Cleland served as Deputy United States Coordinator for Communications and Information Policy in the George H. W. Bush Administration. Eight Congressional subcommittees have sought Cleland’s expert testimony and Institutional Investor twice ranked him the #1 independent analyst in his field. Scott Cleland has been profiled in Fortune, National Journal, Barrons, WSJ’s Smart Money, and Investors Business Daily. Ten publications have featured his op-eds. For a full bio see: www.ScottCleland.com.
Latest posts by Scott Cleland (see all)
Google is cleverly and stealthily leveraging a Google-friendly-FCC and lax U.S.-Google antitrust enforcement to extend its global Android mobile operating system dominance to increasingly disintermediate and dominate the spectrum administration function embedded in the firmware of smartphones, connected cars, and Internet of Things devices.
Google currently is trying to convince the Google-friendly-FCC to effectively surrender/outsource a key part of the FCC’s core regulatory mission and authority – preventing radio device interference — to Google.
If it can pull off that coup, Google could quickly become the de facto spectrum access administrator of mass market wireless devices globally by leveraging its market power via bundling Google’s spectrum access administration application and software update mechanism into its already dominant Android mobile operating system.
Arguably, the most fundamental and important task of the FCC and other sovereign communications regulators in the Mobile Internet Age is the technical administration of how wireless devices access spectrum/radio frequencies to prevent chaotic interference.
Central to wireless devices working as intended today is that manufacturers in the factory permanently program the device’s firmware to what FCC-authorized frequencies a device’s radio can transmit.
Legally requiring wireless devices to have their embedded radio transmitters tuned only to the radio frequencies they are legally allowed to use, prevents chaotic radio interference and is integral to ensuring that all forms of wireless devices and communications work as designed and expected.
This legal requirement also is foundational to: the property value and utility of auctioned spectrum for exclusive use; the reliability and quality of public safety spectrum for first-responders; the safe functioning of the air traffic control system; among many more critical wireless services vulnerable to unnecessary interference.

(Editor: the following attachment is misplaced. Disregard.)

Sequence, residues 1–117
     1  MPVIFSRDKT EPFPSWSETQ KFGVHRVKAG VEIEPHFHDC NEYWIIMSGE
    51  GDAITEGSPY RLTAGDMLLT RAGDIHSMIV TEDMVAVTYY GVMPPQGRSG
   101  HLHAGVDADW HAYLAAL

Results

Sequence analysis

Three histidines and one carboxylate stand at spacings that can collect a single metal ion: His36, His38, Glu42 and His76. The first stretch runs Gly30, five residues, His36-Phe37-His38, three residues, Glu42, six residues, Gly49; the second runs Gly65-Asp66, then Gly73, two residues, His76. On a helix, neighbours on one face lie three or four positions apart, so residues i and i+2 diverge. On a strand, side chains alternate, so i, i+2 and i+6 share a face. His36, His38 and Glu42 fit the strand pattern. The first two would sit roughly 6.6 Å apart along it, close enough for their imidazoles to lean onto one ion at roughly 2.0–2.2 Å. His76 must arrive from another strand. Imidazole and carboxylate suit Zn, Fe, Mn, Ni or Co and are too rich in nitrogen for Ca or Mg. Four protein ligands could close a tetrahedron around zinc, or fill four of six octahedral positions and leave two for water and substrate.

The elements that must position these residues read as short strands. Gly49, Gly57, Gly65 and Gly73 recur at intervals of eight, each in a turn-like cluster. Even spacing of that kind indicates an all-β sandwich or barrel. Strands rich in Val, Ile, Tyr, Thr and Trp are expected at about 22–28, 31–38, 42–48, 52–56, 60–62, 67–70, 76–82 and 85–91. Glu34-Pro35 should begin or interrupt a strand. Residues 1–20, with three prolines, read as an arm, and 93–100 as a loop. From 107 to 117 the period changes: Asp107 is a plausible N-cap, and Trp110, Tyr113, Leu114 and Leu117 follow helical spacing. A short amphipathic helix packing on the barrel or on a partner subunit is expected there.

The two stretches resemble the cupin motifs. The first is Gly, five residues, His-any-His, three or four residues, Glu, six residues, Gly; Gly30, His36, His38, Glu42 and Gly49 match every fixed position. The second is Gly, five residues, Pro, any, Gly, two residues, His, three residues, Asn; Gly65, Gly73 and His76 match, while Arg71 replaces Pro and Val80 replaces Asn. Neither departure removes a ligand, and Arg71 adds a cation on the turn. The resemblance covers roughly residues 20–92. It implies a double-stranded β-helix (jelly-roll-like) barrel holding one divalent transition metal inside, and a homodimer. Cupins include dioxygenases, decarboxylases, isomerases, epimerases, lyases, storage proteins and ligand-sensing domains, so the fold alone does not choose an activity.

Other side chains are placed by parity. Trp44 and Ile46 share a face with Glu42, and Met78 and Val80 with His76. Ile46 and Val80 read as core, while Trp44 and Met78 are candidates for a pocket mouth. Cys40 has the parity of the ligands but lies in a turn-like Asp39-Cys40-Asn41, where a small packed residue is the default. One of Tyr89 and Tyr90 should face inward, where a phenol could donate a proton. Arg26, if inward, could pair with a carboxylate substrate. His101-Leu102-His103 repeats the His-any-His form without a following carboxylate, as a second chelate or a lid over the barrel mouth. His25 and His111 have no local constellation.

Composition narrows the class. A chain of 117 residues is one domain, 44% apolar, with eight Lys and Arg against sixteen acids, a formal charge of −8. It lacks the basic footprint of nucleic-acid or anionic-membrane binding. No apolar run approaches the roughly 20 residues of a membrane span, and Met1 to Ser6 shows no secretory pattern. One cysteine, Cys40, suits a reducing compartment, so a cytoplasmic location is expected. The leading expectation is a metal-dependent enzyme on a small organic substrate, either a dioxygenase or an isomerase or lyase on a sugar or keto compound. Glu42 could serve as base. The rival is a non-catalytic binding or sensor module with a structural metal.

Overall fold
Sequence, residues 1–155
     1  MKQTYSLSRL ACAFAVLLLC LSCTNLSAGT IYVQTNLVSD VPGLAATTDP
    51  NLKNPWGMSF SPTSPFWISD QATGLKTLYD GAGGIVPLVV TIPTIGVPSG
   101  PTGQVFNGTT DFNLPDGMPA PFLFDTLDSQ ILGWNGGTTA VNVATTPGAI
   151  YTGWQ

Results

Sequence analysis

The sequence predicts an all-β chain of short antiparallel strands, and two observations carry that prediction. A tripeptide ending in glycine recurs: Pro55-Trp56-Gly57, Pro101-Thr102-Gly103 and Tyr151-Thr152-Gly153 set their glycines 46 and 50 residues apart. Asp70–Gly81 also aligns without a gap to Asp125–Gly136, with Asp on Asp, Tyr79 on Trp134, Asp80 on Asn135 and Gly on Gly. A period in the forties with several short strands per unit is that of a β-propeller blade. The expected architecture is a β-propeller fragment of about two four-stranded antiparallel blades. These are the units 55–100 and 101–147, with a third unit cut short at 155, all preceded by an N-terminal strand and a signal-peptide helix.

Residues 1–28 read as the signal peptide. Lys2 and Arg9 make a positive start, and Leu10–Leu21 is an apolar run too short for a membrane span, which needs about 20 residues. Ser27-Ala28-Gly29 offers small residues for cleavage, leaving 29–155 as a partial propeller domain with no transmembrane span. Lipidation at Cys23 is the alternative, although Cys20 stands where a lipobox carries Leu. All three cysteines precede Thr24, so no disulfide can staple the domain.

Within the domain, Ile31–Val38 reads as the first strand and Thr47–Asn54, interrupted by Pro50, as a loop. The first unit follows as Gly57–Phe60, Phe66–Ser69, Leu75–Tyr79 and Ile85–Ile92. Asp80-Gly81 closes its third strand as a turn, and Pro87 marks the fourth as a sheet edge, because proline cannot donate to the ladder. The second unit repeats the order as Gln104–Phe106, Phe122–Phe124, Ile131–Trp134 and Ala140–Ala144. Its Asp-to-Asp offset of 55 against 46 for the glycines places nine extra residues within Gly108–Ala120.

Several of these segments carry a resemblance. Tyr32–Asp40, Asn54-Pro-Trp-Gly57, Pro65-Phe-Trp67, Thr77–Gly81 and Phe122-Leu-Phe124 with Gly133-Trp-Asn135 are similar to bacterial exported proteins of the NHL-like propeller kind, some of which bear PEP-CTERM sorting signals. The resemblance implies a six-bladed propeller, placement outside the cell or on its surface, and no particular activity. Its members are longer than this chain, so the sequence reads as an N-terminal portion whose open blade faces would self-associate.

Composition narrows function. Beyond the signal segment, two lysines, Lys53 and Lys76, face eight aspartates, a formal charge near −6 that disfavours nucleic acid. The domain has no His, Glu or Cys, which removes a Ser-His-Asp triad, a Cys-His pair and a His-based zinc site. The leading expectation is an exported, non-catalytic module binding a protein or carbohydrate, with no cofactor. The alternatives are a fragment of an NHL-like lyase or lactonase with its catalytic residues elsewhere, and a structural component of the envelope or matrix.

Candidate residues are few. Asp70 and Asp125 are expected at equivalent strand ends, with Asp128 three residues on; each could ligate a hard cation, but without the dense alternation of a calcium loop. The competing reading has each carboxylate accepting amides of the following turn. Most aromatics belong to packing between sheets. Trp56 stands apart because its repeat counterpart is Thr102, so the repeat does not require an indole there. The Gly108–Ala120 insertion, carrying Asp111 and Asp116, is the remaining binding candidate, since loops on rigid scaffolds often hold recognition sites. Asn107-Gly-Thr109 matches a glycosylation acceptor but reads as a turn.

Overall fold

The gambit here is Google is cleverly and stealthily lobbying the FCC to surrender on principle its sovereign role of preventing radio interference by controlling what radio frequencies FCC-approved wireless devices can transmit. Google now wants any user to be able to reprogram their wireless devices, like WiFi routers, to potentially transmit radio signals on whatever licensed frequencies they want to use, whether or not they are legally permitted to do so.
Google Vice President Vint Cerf, in an open letter to the FCC said: “we most strenuously advise against prohibiting changes to firmware of devices containing radio components, and furthermore advise against allowing non-updateable devices in the field.”
Translation: Google, which controls the world’s dominant mobile operating system Android, is “most strenuously” urging the FCC to unilaterally and completely deregulate spectrum access administration in wireless devices in a way that would uniquely enrich and empower Google.
Though Mr. Cerf has been a Vice President at Google for over a decade, and though he is a highly visible fixture in Google’s lobbying of the FCC, the U.S. Government, other sovereign regulators, and many international fora, Mr. Cerf signed this particular formal filing to the FCC, only as a “U.S. citizen” and “Co-inventor of the Internet” without disclosing his Google/Android interests.
At a minimum, Mr. Cerf should disclose his Google affiliation in this matter because it may be the culmination of a successful seven-year Open Spectrum lobbying effort by Mr. Cerf for Google.